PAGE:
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Topic: 1937 series sizes  (Read 3376 times)
OneTime
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« on: December 02, 2010, 02:47:43 pm »

Ive been doing some 'researching' on the 1937 series sizes.  I noticed a set for sale where the pics of some of the notes seem to be 2 or 3 mm different in length or width. 

Now I have read throughout the forums about trimming.  The sizes of the 1937s on the BOC website is 6" x 2 7/8 ". 

I noticed a topic about 1937 sizing from the past.  People mentioned that the newly made wet bills will shrink to variable sizing.  hmmmmmmm.

Does anyone currently have 1937 series money that is different sizes?  Do they believe they were trimmed or was it naturally occurring in their opinion? 

I cant seem to find a definitive answer on the subject. 

If they really did come from the factory in different sizes...........How can I tell if the note was trimmed vs shrunk when drying?

« Last Edit: December 02, 2010, 02:49:20 pm by OneTime »
Elwoodbluesca
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« Reply #1 on: December 02, 2010, 03:08:36 pm »

Hello and welcome to the forum.

I have a 1937 $1 note somewhere in my collection that is known as a “shrunken” note. You can tell it shrunk and not trimmed as the margins are still quite wide, and when matched up against a non-shrunken note, you will see that even the printed area is also smaller in size.

Telling a trimmed note can sometimes be very tough. Things to look and think about
- If the edge of the note is bright white compared to the rest of the notes
- The note has signs of circulation, and the corners are sharp and pointed
- There are no margins left on the note, and the edges are tight with the design
- As mentioned, the size of the note is much smaller when compared to other notes.

There a slight variation in sizing of non-tampered with notes, they could be higher/shorter or wider/narrower, due to position in the cutter and where the note lies in the stack. This was made very evident with the journey series tens with missing circle right on the edge of the note. The notes in the first half of the stack did not have the white circle, and the lower half had the circle, indicating there is a shift slight buckling in the paper when it is sliced.

I also have in my collection a note that is cut higher and narrower, and it is all original.

I hope this does not confuse you anymore :)

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OneTime
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« Reply #2 on: December 02, 2010, 05:56:39 pm »

Thank you Elwoodbluesca!!!

That is exactly the kind of knowledgeable answer I am looking for.  It gives me the information I need to make an 'educated' purchase and to enjoy the notes without worrying about them being trimmed.
 
The part about the printed area being smaller along with the note makes good sense.  I will definitely watch for this as well as the other good points.

Thanks again.
« Last Edit: December 02, 2010, 06:03:08 pm by OneTime »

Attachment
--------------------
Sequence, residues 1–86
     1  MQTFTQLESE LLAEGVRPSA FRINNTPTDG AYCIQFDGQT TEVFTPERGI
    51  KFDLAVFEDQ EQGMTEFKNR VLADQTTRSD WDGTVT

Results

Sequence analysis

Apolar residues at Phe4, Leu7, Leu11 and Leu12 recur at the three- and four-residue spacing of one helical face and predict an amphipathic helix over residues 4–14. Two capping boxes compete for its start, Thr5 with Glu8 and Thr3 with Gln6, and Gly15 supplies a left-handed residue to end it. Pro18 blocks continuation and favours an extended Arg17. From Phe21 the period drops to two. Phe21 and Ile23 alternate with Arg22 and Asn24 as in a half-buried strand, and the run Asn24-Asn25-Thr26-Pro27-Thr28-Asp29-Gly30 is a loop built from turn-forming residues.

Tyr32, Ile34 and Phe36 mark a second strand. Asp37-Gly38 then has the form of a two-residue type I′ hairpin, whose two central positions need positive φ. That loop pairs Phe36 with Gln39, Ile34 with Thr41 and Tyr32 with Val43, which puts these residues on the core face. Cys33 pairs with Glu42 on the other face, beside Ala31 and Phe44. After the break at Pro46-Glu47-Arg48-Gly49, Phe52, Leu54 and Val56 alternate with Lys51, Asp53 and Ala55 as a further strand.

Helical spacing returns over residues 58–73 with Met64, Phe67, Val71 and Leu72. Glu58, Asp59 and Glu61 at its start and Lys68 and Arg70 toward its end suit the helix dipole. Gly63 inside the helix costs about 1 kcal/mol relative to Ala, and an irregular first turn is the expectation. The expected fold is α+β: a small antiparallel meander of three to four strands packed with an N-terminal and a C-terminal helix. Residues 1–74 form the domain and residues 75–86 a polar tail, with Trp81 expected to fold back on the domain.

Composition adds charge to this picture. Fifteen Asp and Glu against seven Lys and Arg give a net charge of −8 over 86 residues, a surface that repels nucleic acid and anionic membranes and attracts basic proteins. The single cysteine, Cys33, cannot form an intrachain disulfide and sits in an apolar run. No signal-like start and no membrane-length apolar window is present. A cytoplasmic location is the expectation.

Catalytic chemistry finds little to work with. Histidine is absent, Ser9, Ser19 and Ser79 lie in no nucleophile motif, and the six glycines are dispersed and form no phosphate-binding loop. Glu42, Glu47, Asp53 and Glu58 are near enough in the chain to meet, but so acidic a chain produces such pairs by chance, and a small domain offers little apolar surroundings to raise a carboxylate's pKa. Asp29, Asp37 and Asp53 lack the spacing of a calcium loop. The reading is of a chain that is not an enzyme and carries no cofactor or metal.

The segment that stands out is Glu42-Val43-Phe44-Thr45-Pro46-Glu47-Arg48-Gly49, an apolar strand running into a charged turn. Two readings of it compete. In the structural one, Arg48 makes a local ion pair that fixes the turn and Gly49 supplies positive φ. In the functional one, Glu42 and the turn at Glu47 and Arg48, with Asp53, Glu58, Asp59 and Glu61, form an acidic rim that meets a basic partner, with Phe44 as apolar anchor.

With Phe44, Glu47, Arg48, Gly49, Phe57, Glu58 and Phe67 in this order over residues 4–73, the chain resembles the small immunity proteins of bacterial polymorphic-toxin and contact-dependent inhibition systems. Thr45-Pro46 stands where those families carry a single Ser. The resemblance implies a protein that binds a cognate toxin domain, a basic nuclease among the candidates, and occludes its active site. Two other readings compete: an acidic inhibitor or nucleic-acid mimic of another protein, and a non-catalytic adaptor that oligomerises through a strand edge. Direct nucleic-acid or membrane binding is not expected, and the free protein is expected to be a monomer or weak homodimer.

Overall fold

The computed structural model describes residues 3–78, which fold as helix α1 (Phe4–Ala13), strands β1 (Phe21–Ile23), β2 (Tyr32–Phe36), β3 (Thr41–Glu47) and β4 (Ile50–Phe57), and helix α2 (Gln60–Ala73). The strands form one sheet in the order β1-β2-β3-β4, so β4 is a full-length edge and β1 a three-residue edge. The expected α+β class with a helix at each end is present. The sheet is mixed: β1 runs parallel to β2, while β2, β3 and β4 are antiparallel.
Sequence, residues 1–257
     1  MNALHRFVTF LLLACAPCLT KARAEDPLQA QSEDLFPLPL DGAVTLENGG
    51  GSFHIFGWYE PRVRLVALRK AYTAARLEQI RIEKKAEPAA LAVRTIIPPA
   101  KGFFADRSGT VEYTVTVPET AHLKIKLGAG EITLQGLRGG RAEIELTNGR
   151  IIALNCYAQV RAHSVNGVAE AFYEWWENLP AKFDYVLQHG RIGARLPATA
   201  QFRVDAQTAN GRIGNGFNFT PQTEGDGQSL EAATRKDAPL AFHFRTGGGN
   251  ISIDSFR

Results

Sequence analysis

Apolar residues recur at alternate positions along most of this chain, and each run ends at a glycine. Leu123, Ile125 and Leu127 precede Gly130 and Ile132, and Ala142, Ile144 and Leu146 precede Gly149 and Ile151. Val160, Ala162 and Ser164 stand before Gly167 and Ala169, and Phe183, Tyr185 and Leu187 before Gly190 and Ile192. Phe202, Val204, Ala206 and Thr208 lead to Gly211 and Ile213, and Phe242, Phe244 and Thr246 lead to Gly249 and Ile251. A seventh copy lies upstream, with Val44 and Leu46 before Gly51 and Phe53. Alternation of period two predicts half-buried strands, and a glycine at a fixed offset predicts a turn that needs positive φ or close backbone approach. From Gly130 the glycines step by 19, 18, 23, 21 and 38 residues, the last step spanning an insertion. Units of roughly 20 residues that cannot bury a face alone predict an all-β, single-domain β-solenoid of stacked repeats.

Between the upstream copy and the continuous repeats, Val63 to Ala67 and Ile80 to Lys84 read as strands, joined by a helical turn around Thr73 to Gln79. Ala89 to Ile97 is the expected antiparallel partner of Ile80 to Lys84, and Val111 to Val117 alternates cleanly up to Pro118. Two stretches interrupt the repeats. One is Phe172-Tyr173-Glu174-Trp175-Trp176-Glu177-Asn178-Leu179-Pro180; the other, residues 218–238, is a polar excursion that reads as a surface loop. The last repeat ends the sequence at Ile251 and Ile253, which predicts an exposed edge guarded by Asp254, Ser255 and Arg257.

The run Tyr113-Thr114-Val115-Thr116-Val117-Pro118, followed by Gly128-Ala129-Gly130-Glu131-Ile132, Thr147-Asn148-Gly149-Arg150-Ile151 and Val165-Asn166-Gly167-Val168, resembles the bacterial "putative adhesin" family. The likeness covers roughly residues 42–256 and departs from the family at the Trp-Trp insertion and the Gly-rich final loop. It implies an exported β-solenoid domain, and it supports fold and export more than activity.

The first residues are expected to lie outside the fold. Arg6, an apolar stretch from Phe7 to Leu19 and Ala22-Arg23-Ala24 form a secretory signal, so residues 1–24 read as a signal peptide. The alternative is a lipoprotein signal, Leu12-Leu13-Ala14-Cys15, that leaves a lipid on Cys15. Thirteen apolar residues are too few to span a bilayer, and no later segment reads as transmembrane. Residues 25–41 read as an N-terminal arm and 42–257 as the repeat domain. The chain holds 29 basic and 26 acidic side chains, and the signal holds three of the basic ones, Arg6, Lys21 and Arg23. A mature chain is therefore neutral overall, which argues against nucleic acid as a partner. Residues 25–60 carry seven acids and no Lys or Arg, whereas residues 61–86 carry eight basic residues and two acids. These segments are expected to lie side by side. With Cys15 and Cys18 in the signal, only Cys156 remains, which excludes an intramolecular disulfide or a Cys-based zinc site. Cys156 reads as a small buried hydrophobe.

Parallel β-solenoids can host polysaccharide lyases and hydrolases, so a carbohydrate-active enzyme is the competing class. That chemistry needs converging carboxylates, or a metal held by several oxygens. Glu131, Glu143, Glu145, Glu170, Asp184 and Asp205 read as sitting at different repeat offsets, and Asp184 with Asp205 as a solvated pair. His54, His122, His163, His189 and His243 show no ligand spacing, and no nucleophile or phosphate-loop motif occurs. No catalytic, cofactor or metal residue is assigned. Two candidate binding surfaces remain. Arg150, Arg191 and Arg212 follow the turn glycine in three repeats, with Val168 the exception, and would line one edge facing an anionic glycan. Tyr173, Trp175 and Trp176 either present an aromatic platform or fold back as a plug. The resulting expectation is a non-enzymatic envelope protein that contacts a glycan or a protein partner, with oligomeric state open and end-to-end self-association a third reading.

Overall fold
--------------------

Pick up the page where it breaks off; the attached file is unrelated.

Elwoodbluesca
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« Reply #3 on: December 02, 2010, 07:00:05 pm »

Just remember if you are going to start buying bank notes, and why wouldn’t you, this is a great hobby, pick yourself up the most current copy of the Charlton Standard Catalogue of Canadian Government Paper Money. This will be your best companion and guidance when buying notes.

Also do your research, and ask as many question as you would like on the forum here, there is never a dumb question, especially when you are learning about notes.

As for the shrinking note, I did not pay a huge premium over face value for mine, as they are not all that rare if you look around. If you miss this one, there is always another.
« Last Edit: December 03, 2010, 01:51:43 pm by Elwoodbluesca »

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mmars
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« Reply #4 on: December 02, 2010, 11:47:41 pm »

General rule of thumb: If it looks trimmed, it's trimmed.  Doesn't matter if it's original or not.  Buyers will discount a note with one or more tight margins.  Ditto for a note with crooked edges due to misalignment of the original sheet.  A note can be trimmed and still look OK because only a tiny portion of the edge was removed. A well-centred trimmed note could pull in the same price at sale as a poorly centered original note because centering is perhaps at least as important as how much actual white border is there.  As long as there's no obvious evidence of trimming, it's nearly impossible to identify an expert trim job.

What Elwood said about shrinking notes is spot on.  I had a pair of high grade 1937 $10 notes with one having the printed portion (i.e., not including the white borders) at least a half centimeter shorter in length than the other.  These notes would have made good visual fodder for this topic but I no longer have them.

There's another possible source of variation in note size: cleaning/pressing/washing.  I don't know the mechanics of how it's done, but some notes get stretched in the process of being altered to improve their appearance.  Applying tension to a note during the alteration process apparently helps to keep the note flat and I surmise that that is how the note gets bigger.  Here's a scary thought to anyone who thinks he can identify an original note with a ruler in hand: a stretched and trimmed note can be the same size after alteration as before (in theory).  Eek!
« Last Edit: December 02, 2010, 11:50:57 pm by mmars »

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